Library to permanently close north branch

Library trustees plan to shut down the North Branch of the Hardin County Public Library, which is on South Logsdon Parkway in Radcliff across from North Hardin High School.

Described as a difficult decision brought about by financial realities, the Hardin County Public Library’s north branch in Radcliff is being closed permanently.

Library Director Rene Hutcheson said the library cannot afford to continue to operate, staff and maintain two separate facilities without a sustained increase in revenue.

“Since 2018, it has been a struggle to offer the same quality and quantity of services. We have reduced our hours at both branches and taken other measures to cut back expenditures,” Hutcheson said in a statement issued by the Library Board of Trustees. “With deferred maintenance, employee retirement costs, lack of state aid and increased costs of all library operations, the time has come where we must prioritize our services and make some hard decisions.”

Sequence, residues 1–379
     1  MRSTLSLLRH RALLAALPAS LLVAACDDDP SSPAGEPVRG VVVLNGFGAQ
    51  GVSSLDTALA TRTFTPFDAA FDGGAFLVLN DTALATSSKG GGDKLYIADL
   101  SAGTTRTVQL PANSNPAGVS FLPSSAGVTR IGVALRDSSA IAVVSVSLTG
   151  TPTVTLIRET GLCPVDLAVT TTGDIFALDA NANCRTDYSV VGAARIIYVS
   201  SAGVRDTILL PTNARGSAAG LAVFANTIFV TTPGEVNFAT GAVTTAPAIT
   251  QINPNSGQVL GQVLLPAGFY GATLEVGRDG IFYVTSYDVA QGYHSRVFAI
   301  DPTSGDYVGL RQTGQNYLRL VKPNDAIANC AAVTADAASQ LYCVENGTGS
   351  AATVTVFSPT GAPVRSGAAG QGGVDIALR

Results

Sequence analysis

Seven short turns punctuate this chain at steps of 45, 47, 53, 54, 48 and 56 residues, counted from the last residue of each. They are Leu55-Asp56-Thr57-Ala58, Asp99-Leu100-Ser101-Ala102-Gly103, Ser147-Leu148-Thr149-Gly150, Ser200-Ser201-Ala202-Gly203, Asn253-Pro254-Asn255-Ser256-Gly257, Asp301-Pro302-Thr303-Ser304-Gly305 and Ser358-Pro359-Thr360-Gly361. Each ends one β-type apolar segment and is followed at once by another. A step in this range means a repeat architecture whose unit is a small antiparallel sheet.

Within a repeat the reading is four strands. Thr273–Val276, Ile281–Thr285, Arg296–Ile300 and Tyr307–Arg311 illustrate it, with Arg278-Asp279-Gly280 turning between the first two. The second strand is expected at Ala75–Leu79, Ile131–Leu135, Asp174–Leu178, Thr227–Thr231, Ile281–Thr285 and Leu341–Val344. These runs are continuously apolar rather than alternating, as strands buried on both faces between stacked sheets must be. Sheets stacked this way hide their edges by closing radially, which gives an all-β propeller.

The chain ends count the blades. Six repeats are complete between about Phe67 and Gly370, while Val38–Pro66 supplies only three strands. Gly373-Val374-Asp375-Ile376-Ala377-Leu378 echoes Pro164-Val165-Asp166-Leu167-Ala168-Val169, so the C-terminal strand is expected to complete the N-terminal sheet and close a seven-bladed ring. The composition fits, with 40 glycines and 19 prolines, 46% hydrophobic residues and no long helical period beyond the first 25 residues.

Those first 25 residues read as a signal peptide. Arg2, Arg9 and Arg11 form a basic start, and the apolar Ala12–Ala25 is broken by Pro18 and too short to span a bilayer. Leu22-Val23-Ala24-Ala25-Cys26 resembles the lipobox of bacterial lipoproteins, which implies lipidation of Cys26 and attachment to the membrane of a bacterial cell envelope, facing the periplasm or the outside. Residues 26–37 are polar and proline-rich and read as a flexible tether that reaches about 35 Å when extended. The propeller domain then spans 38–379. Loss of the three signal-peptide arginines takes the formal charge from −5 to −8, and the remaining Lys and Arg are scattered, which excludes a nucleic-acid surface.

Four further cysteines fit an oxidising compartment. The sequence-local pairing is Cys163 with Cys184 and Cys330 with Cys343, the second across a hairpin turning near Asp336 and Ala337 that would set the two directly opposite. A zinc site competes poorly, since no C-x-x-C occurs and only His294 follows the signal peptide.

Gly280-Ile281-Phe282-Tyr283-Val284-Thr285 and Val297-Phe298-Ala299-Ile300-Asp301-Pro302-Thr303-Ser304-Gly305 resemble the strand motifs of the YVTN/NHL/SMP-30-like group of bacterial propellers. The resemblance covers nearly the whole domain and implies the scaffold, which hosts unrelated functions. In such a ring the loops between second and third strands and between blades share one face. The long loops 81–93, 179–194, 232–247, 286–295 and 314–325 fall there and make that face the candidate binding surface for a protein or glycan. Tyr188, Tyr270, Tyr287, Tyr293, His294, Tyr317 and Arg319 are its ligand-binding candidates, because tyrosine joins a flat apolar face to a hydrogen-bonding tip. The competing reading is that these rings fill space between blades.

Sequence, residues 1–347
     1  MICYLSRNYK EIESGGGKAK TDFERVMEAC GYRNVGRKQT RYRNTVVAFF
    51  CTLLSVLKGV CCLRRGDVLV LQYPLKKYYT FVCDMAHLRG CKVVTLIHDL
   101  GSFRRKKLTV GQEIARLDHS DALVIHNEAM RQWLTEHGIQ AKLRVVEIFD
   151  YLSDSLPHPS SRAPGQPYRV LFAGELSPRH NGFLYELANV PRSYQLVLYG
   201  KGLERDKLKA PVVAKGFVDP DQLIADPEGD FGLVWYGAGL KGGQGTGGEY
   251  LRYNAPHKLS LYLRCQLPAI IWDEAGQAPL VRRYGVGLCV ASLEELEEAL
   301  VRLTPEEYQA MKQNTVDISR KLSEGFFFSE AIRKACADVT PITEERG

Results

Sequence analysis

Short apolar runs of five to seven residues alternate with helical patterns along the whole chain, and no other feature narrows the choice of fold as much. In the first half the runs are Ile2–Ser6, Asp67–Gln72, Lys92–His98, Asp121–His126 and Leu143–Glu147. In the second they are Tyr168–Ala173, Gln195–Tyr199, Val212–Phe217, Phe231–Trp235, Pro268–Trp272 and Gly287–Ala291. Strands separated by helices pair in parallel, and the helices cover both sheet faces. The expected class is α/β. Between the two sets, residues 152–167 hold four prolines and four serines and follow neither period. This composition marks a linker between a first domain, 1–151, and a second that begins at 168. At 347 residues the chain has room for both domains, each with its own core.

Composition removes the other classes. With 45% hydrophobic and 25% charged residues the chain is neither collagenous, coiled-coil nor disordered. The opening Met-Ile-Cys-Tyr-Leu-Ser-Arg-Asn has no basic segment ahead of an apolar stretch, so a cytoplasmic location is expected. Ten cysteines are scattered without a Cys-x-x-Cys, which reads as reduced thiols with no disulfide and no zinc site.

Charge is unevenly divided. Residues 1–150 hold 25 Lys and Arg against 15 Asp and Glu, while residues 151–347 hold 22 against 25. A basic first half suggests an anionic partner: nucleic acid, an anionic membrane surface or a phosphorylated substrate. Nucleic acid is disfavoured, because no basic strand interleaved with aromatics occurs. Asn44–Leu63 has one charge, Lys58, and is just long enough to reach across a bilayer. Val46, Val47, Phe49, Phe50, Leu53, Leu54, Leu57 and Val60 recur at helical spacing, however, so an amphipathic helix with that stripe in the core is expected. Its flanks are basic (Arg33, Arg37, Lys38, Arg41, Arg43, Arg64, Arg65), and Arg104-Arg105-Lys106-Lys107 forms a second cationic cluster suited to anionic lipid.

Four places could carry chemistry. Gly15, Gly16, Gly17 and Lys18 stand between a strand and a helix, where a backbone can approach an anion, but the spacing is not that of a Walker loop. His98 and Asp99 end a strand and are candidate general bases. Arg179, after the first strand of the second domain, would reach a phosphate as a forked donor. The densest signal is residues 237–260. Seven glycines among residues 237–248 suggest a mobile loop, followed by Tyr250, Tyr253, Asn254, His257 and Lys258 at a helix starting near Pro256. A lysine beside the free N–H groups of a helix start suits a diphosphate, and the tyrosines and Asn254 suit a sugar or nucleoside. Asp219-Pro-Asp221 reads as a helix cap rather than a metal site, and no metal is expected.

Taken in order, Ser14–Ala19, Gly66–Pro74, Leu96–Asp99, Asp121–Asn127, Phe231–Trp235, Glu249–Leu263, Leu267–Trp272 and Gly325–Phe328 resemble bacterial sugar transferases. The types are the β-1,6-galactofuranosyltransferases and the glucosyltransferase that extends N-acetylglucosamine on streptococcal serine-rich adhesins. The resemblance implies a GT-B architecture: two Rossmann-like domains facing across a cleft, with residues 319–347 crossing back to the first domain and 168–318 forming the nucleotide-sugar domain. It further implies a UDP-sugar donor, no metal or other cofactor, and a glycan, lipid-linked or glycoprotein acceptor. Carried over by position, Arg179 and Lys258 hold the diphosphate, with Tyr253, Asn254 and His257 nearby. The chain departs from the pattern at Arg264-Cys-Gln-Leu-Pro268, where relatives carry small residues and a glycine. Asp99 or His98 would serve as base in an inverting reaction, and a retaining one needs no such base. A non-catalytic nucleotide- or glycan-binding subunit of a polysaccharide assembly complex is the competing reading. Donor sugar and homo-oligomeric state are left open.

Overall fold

The library board voted Thursday to permanently close the North Branch facility in Radcliff. The vote was 4-1 with Sue Story casting the lone dissenting vote. Voting to close were Marlane Youngblood, Will Flanagan, Suzanne Perla and Kevin Addington.

“The board is charged with making sure the library system is well managed, financially secure with well-maintained facilities and always looking toward future growth,” Youngblood said in the release announcing the closure.

The board has tried twice in the last five years tried to increase revenue with a library tax and failed, Addington said, primarily because of vocal opposition from some residents in the northern end of the county.